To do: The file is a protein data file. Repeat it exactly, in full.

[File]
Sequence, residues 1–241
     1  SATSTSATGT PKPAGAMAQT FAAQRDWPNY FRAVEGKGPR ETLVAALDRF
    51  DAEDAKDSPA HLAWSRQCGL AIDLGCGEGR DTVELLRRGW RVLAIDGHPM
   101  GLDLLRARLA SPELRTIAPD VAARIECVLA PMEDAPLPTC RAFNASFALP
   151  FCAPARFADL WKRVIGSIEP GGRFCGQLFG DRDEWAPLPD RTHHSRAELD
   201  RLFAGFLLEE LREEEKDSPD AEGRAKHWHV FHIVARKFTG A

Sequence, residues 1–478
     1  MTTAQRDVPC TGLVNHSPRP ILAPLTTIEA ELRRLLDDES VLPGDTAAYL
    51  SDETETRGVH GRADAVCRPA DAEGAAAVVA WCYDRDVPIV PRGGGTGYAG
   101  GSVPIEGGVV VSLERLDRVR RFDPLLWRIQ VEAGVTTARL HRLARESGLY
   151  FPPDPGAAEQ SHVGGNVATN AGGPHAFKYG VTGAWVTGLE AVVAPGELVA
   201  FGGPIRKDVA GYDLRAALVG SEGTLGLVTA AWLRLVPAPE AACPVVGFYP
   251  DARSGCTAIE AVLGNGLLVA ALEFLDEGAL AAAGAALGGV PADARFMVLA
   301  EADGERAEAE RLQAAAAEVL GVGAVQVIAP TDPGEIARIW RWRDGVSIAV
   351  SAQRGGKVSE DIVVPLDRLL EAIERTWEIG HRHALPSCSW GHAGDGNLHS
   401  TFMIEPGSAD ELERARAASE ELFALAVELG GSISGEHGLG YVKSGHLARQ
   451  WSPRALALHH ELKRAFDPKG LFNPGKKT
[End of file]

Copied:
Sequence, residues 1–241
     1  SATSTSATGT PKPAGAMAQT FAAQRDWPNY FRAVEGKGPR ETLVAALDRF
    51  DAEDAKDSPA HLAWSRQCGL AIDLGCGEGR DTVELLRRGW RVLAIDGHPM
   101  GLDLLRARLA SPELRTIAPD VAARIECVLA PMEDAPLPTC RAFNASFALP
   151  FCAPARFADL WKRVIGSIEP GGRFCGQLFG DRDEWAPLPD RTHHSRAELD
   201  RLFAGFLLEE LREEEKDSPD AEGRAKHWHV FHIVARKFTG A

Sequence, residues 1–478
     1  MTTAQRDVPC TGLVNHSPRP ILAPLTTIEA ELRRLLDDES VLPGDTAAYL
    51  SDETETRGVH GRADAVCRPA DAEGAAAVVA WCYDRDVPIV PRGGGTGYAG
   101  GSVPIEGGVV VSLERLDRVR RFDPLLWRIQ VEAGVTTARL HRLARESGLY
   151  FPPDPGAAEQ SHVGGNVATN AGGPHAFKYG VTGAWVTGLE AVVAPGELVA
   201  FGGPIRKDVA GYDLRAALVG SEGTLGLVTA AWLRLVPAPE AACPVVGFYP
   251  DARSGCTAIE AVLGNGLLVA ALEFLDEGAL AAAGAALGGV PADARFMVLA
   301  EADGERAEAE RLQAAAAEVL GVGAVQVIAP TDPGEIARIW RWRDGVSIAV
   351  SAQRGGKVSE DIVVPLDRLL EAIERTWEIG HRHALPSCSW GHAGDGNLHS
   401  TFMIEPGSAD ELERARAASE ELFALAVELG GSISGEHGLG YVKSGHLARQ
   451  WSPRALALHH ELKRAFDPKG LFNPGKKT